Twenty years ago I started to work professionally as Forrest Gump. Here is that story.
“Don’t follow the crowd, let the crowd follow you.” – Margaret Thatcher
My challenge wasn’t getting the crowd to follow me, I had to figure out a way to survive amongst the crowd.
The good news was there were lots of people. People were waiting an hour or two to get into the restaurant. While they were waiting, they would hang out and want to get their photo made with Forrest Gump. Both Bubba Gump Shrimp and I had a good problem. The restaurant was doing four-times the business initially forecast.
The first few weeks I would walk around inside the restaurant chatting up the tables. But because of the crowds, I was told to stay outside – Forrest’s presence inside the restaurant was causing pandemonium.
All I had to do was figure out how to manage the crowds.
The bench was situated in the middle of a busy tourist walkway. The crush of people was non-stop. How was I going to get people to line up and in an orderly manner and politely approach, get their photo taken, and then move on so that the next 10 people in line got their turn? It was a free-for-all.
I imagined setting up ropes and stanchions. I envisioned Bubba Gump providing a person to direct traffic. I approached one of the corporate managers and told him how challenging it was to control the crowd. He was inside the jam-packed restaurant attempting to get people seated, train servers to take orders, and make sure food was being properly prepared from the kitchen. He unsympathetically stated, “We’re paying you a lot of money … go figure it out!”
It took time. I did figure it out.
I learned to control the conversation. Clue people when it was their time to approach, clue people when their time was up. I was doing it with quick glances, eye movements, and subtle head nods. Most of the interactions lasted from 20 to 40 seconds. Things were happening. Fast. Bowie famously said, “Wham. Bam. Thank you maam.” That’s what it felt like a lot of the time.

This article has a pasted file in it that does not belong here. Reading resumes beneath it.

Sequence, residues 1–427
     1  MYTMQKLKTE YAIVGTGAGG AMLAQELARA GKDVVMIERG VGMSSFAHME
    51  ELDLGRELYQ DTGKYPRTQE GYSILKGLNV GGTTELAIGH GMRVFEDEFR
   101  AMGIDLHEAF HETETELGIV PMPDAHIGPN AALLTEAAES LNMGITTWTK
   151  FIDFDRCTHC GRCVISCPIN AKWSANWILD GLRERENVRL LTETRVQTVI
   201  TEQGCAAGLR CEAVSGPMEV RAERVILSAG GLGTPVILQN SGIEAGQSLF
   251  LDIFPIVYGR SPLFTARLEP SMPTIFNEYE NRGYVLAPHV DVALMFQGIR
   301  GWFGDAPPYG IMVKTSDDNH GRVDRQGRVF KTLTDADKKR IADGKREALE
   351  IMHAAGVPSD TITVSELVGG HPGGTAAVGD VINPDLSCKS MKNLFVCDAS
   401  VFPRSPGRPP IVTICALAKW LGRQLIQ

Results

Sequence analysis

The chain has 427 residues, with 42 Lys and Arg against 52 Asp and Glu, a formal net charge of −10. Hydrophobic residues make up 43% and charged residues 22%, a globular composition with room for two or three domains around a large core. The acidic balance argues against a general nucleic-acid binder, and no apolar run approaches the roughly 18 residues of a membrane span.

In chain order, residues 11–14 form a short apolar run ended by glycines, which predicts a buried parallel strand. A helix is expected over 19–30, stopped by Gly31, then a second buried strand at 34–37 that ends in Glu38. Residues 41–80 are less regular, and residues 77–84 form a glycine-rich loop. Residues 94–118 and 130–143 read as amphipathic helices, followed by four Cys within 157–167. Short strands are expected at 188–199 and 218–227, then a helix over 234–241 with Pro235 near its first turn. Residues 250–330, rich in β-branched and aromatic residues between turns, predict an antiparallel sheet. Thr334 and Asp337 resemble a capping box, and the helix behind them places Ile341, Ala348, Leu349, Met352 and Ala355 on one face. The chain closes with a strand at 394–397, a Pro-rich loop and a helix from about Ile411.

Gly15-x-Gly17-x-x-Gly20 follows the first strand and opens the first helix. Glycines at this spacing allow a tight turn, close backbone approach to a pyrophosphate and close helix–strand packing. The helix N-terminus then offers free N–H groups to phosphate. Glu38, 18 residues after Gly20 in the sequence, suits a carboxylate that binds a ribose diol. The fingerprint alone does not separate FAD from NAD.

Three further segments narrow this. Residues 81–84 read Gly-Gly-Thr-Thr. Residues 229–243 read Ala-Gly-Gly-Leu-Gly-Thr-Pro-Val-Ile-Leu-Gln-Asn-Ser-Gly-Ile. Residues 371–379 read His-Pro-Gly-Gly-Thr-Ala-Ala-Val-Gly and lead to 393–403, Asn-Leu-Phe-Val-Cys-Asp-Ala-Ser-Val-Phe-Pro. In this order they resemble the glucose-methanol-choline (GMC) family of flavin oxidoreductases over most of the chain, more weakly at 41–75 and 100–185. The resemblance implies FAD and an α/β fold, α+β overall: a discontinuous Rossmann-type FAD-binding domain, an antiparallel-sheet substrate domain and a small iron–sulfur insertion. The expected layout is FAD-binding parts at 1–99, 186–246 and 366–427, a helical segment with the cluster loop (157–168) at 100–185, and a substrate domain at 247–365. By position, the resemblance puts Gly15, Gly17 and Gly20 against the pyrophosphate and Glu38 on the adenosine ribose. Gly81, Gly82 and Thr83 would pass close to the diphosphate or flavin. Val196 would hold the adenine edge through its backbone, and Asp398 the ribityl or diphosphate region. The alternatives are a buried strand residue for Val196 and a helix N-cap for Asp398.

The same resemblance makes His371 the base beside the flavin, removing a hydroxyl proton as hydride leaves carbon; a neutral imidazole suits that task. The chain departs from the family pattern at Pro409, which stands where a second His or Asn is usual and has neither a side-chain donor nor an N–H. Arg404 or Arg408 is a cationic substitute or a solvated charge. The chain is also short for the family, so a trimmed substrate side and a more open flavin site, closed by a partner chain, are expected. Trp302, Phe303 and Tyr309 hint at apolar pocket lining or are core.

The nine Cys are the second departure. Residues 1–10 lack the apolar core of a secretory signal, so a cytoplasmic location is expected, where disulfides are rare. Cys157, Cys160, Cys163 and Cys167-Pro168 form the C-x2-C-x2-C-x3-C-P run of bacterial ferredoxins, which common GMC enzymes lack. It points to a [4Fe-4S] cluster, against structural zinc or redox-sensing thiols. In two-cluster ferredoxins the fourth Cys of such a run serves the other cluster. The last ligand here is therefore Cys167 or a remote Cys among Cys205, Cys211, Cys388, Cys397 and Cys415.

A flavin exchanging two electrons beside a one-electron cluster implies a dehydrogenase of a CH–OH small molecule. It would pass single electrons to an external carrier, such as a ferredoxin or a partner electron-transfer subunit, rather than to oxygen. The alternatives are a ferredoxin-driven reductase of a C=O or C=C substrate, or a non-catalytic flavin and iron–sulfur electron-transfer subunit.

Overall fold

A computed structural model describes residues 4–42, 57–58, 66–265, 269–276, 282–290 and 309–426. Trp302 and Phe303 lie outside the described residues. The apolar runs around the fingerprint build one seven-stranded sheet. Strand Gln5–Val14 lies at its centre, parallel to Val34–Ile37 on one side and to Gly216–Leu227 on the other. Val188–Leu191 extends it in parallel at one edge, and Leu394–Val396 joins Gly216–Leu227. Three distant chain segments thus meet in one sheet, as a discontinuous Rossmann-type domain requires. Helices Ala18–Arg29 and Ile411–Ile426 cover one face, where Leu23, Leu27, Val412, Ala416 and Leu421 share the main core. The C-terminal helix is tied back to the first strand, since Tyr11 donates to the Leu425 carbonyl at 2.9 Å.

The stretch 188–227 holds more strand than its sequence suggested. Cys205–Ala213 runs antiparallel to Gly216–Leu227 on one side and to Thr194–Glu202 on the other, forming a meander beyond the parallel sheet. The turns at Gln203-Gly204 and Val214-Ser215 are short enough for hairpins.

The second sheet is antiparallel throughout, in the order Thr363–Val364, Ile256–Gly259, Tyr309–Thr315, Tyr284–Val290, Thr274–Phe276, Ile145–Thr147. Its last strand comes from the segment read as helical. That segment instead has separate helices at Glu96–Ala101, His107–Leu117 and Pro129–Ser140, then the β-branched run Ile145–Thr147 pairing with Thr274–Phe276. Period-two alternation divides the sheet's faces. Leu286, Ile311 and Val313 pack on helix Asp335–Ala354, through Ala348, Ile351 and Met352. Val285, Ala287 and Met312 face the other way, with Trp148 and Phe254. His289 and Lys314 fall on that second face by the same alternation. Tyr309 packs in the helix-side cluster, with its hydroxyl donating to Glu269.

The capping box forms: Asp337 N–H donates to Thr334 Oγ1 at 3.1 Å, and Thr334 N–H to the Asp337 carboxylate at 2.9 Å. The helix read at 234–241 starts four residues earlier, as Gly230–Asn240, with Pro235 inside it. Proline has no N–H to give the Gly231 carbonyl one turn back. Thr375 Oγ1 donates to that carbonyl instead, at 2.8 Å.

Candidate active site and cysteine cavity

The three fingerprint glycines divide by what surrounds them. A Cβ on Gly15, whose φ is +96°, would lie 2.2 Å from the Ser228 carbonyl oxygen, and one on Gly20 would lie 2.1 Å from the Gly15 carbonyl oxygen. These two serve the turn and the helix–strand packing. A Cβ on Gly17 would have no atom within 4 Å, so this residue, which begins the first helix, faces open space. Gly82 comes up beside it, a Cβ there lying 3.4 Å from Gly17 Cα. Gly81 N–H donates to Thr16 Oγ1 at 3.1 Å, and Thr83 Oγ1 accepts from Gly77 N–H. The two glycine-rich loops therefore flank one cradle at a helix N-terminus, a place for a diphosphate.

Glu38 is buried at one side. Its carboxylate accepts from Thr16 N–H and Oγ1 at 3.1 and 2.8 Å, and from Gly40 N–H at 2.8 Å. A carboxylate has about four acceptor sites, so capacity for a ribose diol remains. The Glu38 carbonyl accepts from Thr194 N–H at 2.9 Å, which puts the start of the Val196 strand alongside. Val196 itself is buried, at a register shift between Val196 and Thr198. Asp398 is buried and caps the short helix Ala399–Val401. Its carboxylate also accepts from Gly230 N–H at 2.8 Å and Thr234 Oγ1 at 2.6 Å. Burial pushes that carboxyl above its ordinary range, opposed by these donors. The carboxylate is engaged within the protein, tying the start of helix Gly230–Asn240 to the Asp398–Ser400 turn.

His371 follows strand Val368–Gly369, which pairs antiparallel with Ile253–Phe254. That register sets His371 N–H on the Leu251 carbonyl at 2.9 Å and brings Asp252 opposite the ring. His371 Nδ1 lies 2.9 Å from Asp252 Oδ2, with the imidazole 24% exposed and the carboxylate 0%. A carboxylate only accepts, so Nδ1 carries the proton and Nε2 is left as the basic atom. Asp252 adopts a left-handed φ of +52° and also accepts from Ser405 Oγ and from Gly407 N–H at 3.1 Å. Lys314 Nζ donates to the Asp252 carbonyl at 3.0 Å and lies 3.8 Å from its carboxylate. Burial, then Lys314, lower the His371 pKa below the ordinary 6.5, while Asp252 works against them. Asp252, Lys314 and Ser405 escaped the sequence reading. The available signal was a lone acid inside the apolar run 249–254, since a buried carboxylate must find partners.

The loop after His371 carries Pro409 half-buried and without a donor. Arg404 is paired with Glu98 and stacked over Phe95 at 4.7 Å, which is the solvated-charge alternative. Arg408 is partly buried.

People would see the crowd. They’d approach to find out what was going on. The crowd was drawing a bigger crowd. Folks would watch for a few minutes, fall into the quasi-line, sit down, get their photo taken, and then they’d be gone.
Those first few months I made major progress each weekend. I was beginning to get the hang of managing the crowd.
But every once in awhile, things would go hay-wire. Someone would completely play the game in a totally unpredictable way. I remember getting frustrated. Annoyed. Angry. I attempted to hide this from the public, but inside my adrenaline was pumping. Initially, it took a half-hour to calm myself and get back into a good rhythm. After a few months, I learned to calm myself within a few minutes after a weird interaction. And at some point – maybe a year or so into the process – I learned how to spot the trouble-makers and defuse them before they could act up. And another year later I could flip the trouble-makers and get them to play nice. On the rare occasion that I couldn’t flip them, I’d simply let them do their thing, play the game the way they wanted to play, and leave. And I’d just move on to the next person.
I had learned how to control myself in dealing with the public.
99.5% of the people I interacted with had fun. 99.9% of the time I had fun. It took about 3 years – or 2000+ hours – of sitting on the bench, dealing with the public, and talking to one individual after another to master managing the crowd. Or in reality – to master my own ability to self-control my mindset and my outward, public behavior.
I became good at crowd control. The bench was no longer my space or place to work – the bench was now my stage.
Next up. Part 5: Jokes & Gags